My life can be charitably described as a series of ups and downs. I started off dirt poor, raised by a single mother who barely had enough to get by each week. As life went on, I worked my way to the top of my class at college and created a career in business, the results of which exceeded even my dreams. I had experienced the highest of highs and the lowest of lows in life all before my 30th birthday. By the time I was 33, I had the perfect life; and all I had to do was keep it.
My career required me to keep very long hours. It wasn’t uncommon for me to sleep for two hours per night. At first, I just told myself that it was the cost of doing business, but eventually my body had become so used to not sleeping that it would no longer let me. That’s when Xanax and I got to know each other very well. After a while I would have done anything just to be able sleep. Instead of starting with a mild sleeping pill, my doctor gave me Xanax because he was convinced that I was suffering from anxiety.
At first, it was like a dream (literally). I was able to sleep through the night and felt better than I had in years; but when I started really craving it I decided to dial back my use. Then the sleepless nights returned and it became that I needed Xanax to sleep. To make matters worse, I started experiencing other withdrawal symptoms as well. My doctor said that they would pass, but the craving grew stronger and stronger and eventually I gave in. I battled this drug for about a year, during which I nearly lost my job and destroyed my life.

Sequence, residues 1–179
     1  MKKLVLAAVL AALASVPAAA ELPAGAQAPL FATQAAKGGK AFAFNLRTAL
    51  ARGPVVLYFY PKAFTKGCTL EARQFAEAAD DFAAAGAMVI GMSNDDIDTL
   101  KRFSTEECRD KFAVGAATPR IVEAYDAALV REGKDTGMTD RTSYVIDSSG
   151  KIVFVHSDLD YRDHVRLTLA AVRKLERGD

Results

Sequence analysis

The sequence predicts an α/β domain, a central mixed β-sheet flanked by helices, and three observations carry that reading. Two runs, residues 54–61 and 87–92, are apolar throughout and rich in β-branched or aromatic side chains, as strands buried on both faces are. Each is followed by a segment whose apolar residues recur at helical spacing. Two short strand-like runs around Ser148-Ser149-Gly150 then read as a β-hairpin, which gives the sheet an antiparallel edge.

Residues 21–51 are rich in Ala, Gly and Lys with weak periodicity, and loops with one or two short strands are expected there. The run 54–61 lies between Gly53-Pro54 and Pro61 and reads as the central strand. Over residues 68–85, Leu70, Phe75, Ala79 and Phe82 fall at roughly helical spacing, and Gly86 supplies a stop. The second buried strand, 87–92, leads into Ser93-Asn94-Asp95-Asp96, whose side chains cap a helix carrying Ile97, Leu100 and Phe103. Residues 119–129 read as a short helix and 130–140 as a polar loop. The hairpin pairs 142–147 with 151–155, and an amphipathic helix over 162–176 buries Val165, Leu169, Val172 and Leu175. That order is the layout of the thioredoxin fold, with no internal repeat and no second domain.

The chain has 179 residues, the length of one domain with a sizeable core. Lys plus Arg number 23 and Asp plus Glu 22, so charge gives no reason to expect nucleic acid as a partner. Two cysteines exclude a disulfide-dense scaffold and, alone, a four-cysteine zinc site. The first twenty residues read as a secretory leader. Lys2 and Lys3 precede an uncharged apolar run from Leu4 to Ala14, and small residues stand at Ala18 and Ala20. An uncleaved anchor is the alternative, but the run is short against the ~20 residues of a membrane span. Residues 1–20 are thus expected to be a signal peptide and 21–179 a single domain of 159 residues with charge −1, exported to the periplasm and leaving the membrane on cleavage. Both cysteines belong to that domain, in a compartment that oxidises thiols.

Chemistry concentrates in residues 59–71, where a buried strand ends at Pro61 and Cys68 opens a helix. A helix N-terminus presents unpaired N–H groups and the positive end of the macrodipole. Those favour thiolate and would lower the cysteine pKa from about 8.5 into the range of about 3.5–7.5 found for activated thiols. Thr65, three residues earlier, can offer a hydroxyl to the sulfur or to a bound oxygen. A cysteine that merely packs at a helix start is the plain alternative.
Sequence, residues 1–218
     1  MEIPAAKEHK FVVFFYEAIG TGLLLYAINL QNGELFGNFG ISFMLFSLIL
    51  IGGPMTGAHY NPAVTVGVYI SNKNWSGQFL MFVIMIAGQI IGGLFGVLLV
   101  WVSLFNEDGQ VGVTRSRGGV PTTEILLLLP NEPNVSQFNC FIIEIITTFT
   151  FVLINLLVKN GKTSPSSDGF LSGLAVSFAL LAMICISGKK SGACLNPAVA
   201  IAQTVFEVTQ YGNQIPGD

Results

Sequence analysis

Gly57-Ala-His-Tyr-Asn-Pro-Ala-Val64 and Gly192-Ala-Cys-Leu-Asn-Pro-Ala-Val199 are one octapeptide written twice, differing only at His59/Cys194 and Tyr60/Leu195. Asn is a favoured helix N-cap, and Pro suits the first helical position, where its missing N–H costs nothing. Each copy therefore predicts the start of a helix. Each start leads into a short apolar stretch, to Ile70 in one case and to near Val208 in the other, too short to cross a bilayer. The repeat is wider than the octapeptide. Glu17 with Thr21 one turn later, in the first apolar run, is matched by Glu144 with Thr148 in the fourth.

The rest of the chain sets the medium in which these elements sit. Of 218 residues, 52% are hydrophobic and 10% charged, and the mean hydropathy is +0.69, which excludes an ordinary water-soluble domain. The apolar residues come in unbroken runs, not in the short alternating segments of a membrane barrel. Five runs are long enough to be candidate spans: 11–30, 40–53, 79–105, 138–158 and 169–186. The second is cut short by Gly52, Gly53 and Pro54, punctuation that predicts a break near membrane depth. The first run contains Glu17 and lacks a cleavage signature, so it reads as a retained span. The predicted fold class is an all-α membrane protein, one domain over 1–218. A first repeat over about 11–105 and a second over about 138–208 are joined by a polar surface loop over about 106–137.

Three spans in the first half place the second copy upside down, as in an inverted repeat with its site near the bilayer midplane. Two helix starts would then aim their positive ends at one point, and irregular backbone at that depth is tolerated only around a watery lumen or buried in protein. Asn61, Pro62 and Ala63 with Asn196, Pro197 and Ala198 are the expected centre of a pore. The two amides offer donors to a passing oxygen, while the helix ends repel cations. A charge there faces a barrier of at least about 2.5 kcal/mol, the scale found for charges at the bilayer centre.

I knew that if I could just find a healthy, natural way to heal, I wouldn’t need Xanax anymore. I decided to enter an inpatient holistic drug rehab program because I wanted to get help for Xanax and also find out why I couldn’t sleep under ordinary circumstances. After three weeks in the program, I was sleeping better and craving anxiety meds less and less. When I completed treatment, I was eager to get my life and my career back on track and am happy to report that I have done exactly that. I still have the occasional craving, but am fortunate enough to not have my addiction define me and dictate my life.